This is similar to Matthew, chapter 26:10, and somewhat similar to John, chapter 12:7. Mark said that Jesus told them (ὁ δὲ Ἰησοῦς εἶπεν) to leave her alone (Ἄφετε αὐτήν). Why were they bringing her problems or troubles (τί αὐτῇ κόπους παρέχετε)? She had performed a good, worthy, and honorable service or action for him (καλὸν ἔργον ἠργάσατο ἐν ἐμοί). Thus, Jesus defended this woman, who may have been Mary, the sister of Lazarus, for anointing his head with precious oil.
Yahweh was going to give a signal for the Israelites to gather, since he had redeemed them from their captivity. They would be as numerous as they were before. Even though they were scattered among many distant countries, they raised their children there before they returned. Yahweh was going to bring them home from Egypt and Assyria. He was going to put them in Gilead, the east side of the Jordan River, or in Lebanon, on the seacoast, until there was no more room for them there. They would have no problems, since Yahweh was going to lead them through distressed seas, mild waves, and the deep dry Nile River. The pride of Assyria would be brought down, while the control of the Egyptian rule or scepter would leave.
Yahweh, via Obadiah, listed the various things that Edom did on the day of the invasion of Jerusalem. First, they gloated over their brother Judah. Then they rejoiced at the problems of the people of Judah. These Edomites even boasted and entered the gates of Jerusalem. They joined with the others, as they looted the goods of the people in Jerusalem. They kept others from escaping. They even handed over the survivors to the foreign attackers. They were really complicit in this attack on Jerusalem.
Amos has yet another oracle of Yahweh with the same theme about the failure to return to Yahweh. This time, Yahweh overthrew some of them like in the story of Sodom and Gomorrah in Genesis, chapter 19. These Israelites were like a brand taken from a fire. Despite all these problems, the northern kingdom Israelites still refused Yahweh.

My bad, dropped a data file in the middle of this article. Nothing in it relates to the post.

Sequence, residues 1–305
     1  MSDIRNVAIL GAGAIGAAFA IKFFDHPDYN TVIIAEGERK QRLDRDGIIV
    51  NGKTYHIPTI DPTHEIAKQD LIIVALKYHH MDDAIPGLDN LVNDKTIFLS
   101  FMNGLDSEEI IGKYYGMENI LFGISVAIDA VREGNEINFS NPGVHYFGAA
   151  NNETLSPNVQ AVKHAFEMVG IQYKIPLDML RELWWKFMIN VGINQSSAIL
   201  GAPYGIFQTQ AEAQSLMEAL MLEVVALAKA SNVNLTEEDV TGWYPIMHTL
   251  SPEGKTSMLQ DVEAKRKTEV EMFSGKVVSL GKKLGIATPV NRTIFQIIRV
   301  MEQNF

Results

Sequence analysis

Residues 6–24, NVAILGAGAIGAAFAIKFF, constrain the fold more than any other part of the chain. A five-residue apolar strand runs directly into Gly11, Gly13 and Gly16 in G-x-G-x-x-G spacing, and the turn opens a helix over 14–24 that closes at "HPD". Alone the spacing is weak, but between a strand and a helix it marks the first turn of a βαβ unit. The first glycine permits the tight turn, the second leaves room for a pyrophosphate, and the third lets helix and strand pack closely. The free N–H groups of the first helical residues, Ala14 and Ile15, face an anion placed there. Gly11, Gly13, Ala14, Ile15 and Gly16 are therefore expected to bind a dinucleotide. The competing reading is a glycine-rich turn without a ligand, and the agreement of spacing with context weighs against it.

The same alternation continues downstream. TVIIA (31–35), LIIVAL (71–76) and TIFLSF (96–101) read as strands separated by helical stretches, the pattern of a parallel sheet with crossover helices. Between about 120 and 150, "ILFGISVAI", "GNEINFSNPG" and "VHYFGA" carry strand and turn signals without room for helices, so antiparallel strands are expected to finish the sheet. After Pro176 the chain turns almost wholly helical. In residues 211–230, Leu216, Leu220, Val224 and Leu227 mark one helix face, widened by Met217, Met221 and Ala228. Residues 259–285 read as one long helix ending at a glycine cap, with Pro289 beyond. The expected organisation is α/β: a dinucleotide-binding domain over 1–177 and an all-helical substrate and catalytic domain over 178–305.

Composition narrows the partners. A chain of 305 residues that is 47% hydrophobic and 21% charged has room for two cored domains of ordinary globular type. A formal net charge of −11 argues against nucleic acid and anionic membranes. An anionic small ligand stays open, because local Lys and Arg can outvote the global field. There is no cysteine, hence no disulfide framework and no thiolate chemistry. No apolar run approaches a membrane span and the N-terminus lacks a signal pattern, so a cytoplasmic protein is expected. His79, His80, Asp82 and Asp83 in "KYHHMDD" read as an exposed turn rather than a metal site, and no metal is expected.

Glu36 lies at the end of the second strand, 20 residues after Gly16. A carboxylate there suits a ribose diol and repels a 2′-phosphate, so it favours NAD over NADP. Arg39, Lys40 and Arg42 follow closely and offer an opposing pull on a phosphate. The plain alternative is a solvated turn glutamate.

This appears to be a veiled reference to the future Greek iron kingdom with its problems between the different ruling parties of the Seleucids (312-63 BCE) and the Ptolemies (305-30 BCE). They each inherited parts of the Greek empire of Alexander the Great (356-323 BCE). They tried to join together through marriage, but that failed. Daniel here used the example of the feet made of iron and clay, the strength of the iron mixed with the weak clay. However, as the toes and feet became weak, so too this kingdom would be partly strong and partly brittle. Even a marriage could not hold it together, because iron and clay simply do not mix.
The people with Baruch wanted to take up a collection and send money to the people in Jerusalem. With this money, the Jerusalem Judeans were to buy burnt offerings, sin offerings, incense, and grain offerings. All these were to be presented at the altar of the Lord God. However, there are some problems since the Temple and its altars were all destroyed. Was there a temporary temple in Jerusalem during the exile? How many people were left in Jerusalem?